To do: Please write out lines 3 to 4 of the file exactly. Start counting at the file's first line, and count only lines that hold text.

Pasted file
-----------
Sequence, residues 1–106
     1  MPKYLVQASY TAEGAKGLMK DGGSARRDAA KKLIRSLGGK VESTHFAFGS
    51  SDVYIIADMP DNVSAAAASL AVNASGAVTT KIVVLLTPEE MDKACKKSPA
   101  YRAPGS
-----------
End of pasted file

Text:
    51  SDVYIIADMP DNVSAAAASL AVNASGAVTT KIVVLLTPEE MDKACKKSPA
   101  YRAPGS